the Showcase. This DSP also provides the processing power for the parametric functions. I asked
Krell if the Showcase will be updated to the new Ultra 2 specification
anytime soon, and they said that, at the present moment, there are no plans to do so.
However, it is
reassuring to know that the processor has the head room for future upgrades
and wonÕt require hardware changes to accomplish it. Buyers may also be
interested in knowing that both of these DSP engines are what Krell uses in
its top of the line Home Theater Standard 7.1 processor.
Without a doubt the Krell Showcase is the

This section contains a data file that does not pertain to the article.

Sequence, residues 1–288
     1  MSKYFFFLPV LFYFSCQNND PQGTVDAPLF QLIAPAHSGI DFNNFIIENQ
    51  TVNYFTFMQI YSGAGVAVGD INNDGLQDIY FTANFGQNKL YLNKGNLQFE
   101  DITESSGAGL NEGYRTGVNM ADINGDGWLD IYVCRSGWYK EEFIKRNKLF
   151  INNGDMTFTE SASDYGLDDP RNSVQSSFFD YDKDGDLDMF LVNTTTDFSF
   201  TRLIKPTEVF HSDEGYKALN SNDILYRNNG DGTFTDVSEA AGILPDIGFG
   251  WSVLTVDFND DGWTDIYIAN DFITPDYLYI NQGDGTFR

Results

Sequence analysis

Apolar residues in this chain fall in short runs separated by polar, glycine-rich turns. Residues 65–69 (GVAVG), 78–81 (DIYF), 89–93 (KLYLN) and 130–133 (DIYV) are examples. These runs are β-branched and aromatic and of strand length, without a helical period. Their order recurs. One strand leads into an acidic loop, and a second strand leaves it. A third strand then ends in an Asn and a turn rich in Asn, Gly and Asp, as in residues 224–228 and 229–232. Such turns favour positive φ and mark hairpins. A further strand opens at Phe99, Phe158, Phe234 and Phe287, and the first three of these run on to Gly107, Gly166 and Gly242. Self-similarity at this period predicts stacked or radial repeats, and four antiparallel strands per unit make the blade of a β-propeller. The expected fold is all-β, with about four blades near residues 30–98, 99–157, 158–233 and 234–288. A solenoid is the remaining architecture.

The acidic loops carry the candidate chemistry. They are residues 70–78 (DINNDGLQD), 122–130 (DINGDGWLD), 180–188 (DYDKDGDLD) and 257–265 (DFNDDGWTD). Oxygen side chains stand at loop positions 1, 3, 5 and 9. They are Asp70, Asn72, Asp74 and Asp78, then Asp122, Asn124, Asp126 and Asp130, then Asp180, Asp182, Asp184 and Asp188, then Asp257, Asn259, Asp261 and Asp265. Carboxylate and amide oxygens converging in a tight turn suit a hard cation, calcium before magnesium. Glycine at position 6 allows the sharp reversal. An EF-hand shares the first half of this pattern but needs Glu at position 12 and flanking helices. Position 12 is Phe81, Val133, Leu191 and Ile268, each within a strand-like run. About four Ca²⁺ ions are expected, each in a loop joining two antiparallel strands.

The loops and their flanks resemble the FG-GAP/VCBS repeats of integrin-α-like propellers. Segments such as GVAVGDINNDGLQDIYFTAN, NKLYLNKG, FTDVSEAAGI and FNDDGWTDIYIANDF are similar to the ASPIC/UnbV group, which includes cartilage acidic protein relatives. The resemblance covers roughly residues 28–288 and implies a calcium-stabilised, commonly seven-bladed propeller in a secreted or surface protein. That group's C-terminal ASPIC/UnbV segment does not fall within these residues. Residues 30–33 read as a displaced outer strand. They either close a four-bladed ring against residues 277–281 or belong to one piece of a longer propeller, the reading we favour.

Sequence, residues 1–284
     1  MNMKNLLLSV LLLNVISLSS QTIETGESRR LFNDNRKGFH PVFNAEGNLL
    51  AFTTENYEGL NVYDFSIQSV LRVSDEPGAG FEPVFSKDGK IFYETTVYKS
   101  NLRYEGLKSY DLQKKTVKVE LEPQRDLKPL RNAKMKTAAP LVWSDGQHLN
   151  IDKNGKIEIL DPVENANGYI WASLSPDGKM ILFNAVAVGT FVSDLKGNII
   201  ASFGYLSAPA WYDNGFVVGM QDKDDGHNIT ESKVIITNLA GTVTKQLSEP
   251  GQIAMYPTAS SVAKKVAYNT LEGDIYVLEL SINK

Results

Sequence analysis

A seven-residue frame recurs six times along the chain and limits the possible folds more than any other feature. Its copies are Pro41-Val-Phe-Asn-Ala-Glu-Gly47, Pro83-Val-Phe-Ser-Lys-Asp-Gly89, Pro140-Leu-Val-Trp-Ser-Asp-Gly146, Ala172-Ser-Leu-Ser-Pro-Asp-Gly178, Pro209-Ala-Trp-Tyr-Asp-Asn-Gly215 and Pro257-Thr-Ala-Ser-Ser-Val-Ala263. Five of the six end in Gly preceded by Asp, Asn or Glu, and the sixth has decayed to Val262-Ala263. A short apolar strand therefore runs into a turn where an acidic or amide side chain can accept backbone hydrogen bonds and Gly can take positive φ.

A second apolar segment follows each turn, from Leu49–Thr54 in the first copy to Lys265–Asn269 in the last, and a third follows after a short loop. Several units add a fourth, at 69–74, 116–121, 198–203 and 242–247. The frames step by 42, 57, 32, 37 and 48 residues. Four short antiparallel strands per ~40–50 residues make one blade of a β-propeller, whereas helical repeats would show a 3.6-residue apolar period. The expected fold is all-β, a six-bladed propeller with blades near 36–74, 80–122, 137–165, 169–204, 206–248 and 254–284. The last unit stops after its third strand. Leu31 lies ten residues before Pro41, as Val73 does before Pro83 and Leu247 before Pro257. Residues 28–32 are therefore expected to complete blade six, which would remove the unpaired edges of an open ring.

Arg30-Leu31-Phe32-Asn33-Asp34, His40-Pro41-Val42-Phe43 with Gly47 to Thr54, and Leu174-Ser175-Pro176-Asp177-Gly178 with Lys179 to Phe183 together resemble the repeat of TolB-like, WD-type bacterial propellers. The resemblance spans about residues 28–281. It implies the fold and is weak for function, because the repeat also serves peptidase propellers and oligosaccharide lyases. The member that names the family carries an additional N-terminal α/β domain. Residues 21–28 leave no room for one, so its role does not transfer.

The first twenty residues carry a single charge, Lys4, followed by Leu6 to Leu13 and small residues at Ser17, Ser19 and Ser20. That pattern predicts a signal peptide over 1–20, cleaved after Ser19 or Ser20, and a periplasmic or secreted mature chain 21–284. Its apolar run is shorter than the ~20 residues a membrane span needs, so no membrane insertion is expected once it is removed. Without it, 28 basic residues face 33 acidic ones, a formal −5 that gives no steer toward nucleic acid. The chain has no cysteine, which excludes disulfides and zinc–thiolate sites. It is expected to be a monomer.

best processor I have had the
pleasure of using in my system. It increased the depth of my soundstage
quite a bit over others I have tested. When I listened
to film soundtracks, the front soundstage had a great transparency and
excellent dynamic range. Bass seemed tighter and more focused than before,
and there wasnÕt a hard edge to any of the higher frequencies.
For music, I would categorize the Showcase as a very neutral piece.
As with movies, the soundstage offered excellent dynamics. Most recordings
seemed richer when I listened to them, especially in the lower end. It did
especially well with precise notes like a rolling cymbal. Instead of the
milky sound that blends into itself that I hear with a lot of audio pieces
it seems, the Showcase offered a discernable distant sound with tiny
details. Krell has definitely proved that it can still provide excellent
audio performance at a reasonable price.
- Kris Deering -
Related to the article above, we recommend the following:Primer - Surround Sound Processors